Regarding the right side fountain terrywade wondered about. While the main fixture remains, the base pool was removed.
While the theatre is long gone, a “Gateway Theatres” labelscar and non functional led marquee can still be seen on a sign that stands adjacent to the northbound side of the 5 freeway.
The theatre really struggled with it’s location. In addition to being hidden in the back of the complex, patrons couldn’t utilize the motel’s parking lot; you had to park at a neighboring business and walk over to the motel. Tickets were $1.00 for the memorabilia museum or $2.00 for the museum and a movie.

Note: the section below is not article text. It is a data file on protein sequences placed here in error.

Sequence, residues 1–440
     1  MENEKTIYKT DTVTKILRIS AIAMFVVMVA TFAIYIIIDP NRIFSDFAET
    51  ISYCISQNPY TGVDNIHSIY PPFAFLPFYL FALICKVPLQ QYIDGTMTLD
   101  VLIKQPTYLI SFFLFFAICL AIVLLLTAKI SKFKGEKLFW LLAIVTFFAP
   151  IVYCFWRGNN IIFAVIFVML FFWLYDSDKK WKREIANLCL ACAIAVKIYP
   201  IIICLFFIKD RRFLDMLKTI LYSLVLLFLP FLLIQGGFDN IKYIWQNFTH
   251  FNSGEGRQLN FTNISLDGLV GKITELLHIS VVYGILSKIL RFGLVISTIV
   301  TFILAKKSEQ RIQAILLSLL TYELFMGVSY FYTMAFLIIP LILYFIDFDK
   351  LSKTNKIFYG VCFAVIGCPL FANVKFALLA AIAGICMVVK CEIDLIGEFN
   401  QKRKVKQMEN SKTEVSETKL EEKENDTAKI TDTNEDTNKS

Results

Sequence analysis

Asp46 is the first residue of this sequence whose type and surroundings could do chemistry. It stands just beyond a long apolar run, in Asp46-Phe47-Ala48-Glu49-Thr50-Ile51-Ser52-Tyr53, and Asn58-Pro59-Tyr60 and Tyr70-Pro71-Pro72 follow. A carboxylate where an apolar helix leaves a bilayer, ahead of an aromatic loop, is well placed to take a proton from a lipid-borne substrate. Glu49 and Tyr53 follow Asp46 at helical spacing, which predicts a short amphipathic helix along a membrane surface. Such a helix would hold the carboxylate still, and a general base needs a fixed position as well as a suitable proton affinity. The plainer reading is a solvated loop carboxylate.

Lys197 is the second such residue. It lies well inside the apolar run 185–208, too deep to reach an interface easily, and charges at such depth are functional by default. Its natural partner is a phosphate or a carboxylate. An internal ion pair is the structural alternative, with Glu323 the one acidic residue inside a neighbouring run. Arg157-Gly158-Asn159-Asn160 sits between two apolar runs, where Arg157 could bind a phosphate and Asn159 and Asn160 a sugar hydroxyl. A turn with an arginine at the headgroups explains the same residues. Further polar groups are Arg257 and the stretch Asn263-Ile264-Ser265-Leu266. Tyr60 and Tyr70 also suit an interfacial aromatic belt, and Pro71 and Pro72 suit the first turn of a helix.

The image is of the barbershop located inside the theatre.
Their recording states that they will be “temporarily closed”.
For many years, the Norwalk 20 was also AMC’s leader in hot dog sales. The theatre sold such an unusually high number of hot dogs that Oscar Meyer (AMC’s supplier) even sent out a couple of researchers to pinpoint the reason. I recall one of the researchers standing in various areas taking readings with some gadget that allegedly registered smells (I never heard what sort of conclusion they came up with).
I’m torn. While I hate the idea of the theatre being whittled down to three small auditoriums, I suppose that is better than seeing it closed and converted in to something like retail.